Bank of America Corp. raised its 18-month gold-price target to $3,000 an ounce — more than 50% above the existing price record — in a report titled “The Fed can’t print gold.” … “But beyond traditional gold supply and demand fundamentals, financial repression is back on an extraordinary scale,” the report said.
Some additional highlights from the report:
Gold prices have performed well in the recent period
As the ultimate store of value, gold prices have performed well during the past 15 months, posting a rally of over 10% since the Federal Reserve did a monetary policy U-turn in January 2019. Gold has also delivered a strong performance against other asset classes YTD. Of course, it has not been a straight line up, and gold did sell off hard for a brief period in March. The swing in gold prices mirrored the down and then up move in real interest rates. Now our CTA models suggest gold positioning is light, likely because of the spike in volatility and the mechanical drop in the gold Sharpe ratio. But this constraint could change as volatility keeps falling quickly across financial markets.
Now, significant monetary, fiscal easing around the world…
Due to the Covid-19 lockdowns, US GDP could go down by 30% YoY in 2Q20, the steepest drop in modern history. Other countries like Japan will likely experience a 21.8% decline in output in 2Q20, while China just reported a contraction of 6.8% in 1Q20. As central banks rush to expand their balance sheets and backstop asset values and consumer prices, a lot of risks could end up being socialized. The size of major central bank balance sheets has been stable at around 25% of GDP for the last decade or so, just like the gold price. As economic output contracts sharply, fiscal outlays surge, and central bank balance sheets double, fiat currencies could come under pressure. And investors will aim for gold. Hence, we mark-to-market our forecasts and now project an average gold price of $1,695/oz in 2020 and $2,063/oz in 2021.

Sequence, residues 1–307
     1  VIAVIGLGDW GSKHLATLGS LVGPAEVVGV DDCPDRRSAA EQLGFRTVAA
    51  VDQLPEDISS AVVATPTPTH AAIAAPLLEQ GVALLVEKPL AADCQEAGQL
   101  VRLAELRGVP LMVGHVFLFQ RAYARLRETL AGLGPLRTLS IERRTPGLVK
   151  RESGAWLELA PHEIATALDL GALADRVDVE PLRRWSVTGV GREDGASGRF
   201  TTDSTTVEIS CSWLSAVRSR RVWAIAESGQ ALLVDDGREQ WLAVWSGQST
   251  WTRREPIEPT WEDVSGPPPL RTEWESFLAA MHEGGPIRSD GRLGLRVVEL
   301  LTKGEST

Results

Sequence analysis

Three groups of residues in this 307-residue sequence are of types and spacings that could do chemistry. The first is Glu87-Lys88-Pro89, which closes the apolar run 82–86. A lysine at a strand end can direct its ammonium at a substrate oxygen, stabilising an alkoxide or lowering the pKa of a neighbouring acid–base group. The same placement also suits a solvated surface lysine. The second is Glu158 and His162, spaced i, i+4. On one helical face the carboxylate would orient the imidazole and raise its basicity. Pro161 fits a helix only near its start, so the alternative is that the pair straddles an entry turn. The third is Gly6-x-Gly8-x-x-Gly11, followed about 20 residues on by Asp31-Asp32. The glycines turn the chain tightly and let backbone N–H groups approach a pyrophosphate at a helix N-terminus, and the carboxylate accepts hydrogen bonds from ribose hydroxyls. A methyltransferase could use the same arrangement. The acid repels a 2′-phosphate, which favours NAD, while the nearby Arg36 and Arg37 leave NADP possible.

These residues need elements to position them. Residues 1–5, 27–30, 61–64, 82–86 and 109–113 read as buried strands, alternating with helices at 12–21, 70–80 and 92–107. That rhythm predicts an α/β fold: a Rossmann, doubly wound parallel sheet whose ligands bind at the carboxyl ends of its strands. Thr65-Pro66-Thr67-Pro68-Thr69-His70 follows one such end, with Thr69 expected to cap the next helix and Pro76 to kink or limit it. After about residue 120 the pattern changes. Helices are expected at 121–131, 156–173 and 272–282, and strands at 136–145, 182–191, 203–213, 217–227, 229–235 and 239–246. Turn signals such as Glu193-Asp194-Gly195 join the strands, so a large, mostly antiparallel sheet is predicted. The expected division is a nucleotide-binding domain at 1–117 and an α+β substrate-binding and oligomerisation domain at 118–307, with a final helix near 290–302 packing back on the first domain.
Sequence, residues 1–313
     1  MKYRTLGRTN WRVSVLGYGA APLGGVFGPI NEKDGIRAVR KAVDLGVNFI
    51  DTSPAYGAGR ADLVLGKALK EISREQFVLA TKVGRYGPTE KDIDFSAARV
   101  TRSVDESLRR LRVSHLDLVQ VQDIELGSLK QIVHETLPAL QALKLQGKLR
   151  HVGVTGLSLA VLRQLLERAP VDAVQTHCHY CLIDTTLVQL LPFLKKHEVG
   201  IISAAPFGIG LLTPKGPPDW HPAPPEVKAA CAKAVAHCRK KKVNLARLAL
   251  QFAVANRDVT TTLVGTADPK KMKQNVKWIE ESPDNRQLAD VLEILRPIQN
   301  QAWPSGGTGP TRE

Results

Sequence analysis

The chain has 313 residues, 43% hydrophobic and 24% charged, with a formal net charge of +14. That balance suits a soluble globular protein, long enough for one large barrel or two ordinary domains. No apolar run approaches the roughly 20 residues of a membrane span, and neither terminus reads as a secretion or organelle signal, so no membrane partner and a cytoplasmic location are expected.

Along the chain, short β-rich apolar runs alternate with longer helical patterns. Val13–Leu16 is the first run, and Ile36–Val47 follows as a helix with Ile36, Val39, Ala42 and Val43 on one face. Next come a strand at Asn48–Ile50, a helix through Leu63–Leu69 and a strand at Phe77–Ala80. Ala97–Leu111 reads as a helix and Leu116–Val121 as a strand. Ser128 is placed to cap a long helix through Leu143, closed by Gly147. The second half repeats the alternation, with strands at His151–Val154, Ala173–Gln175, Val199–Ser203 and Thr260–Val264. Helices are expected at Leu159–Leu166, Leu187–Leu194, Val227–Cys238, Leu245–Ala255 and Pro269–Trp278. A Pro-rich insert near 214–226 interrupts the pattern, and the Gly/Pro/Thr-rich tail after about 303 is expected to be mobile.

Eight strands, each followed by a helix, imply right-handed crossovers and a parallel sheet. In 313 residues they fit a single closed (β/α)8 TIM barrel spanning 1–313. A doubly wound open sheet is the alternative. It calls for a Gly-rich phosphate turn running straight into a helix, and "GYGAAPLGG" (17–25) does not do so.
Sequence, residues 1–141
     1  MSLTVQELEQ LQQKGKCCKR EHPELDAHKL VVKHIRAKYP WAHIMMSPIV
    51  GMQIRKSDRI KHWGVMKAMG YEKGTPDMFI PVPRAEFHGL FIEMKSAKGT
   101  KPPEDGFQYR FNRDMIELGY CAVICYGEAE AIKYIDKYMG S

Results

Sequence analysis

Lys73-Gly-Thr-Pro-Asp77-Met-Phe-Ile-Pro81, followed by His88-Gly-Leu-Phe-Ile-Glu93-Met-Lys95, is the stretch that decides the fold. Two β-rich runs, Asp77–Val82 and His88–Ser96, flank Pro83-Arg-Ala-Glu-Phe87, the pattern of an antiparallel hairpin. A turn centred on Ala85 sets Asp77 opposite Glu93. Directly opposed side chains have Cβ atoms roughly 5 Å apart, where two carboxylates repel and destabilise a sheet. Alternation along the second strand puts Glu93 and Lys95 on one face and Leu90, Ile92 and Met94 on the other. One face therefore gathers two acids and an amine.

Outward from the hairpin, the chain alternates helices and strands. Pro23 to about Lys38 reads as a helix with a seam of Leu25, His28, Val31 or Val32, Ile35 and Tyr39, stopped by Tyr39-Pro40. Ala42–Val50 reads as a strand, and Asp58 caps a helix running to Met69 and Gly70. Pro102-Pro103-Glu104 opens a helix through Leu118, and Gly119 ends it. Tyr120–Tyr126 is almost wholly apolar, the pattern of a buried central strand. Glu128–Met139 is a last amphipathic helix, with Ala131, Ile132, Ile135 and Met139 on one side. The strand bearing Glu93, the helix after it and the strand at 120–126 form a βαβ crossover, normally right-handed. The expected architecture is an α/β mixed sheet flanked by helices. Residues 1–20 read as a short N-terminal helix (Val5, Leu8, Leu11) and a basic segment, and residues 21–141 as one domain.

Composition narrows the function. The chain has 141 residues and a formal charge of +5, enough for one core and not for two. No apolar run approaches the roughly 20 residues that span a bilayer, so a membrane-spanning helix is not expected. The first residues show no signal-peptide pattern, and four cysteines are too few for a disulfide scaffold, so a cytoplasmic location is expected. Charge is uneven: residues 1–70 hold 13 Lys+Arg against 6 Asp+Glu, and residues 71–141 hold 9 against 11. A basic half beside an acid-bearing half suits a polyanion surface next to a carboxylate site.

…lifts our 18m gold target from $2000/oz to $3000/oz
True, a strong USD backdrop, reduced financial market volatility, and lower jewelry demand in India and China could remain headwinds for gold. But beyond traditional gold supply and demand fundamentals, financial repression is back on an extraordinary scale. Rates in the US and most G-10 economies will likely be at or below zero for a very long period of time as central banks attempt to push inflation back above their targets. Beyond real rates, variables such as nominal GDP, central bank balance sheets, or official gold reserves will remain the key determinants of gold prices, in our view. As central banks and governments double their balance sheets and fiscal deficits respectively, we have also decided to up our 18m gold target from $2,000 to $3,000/oz.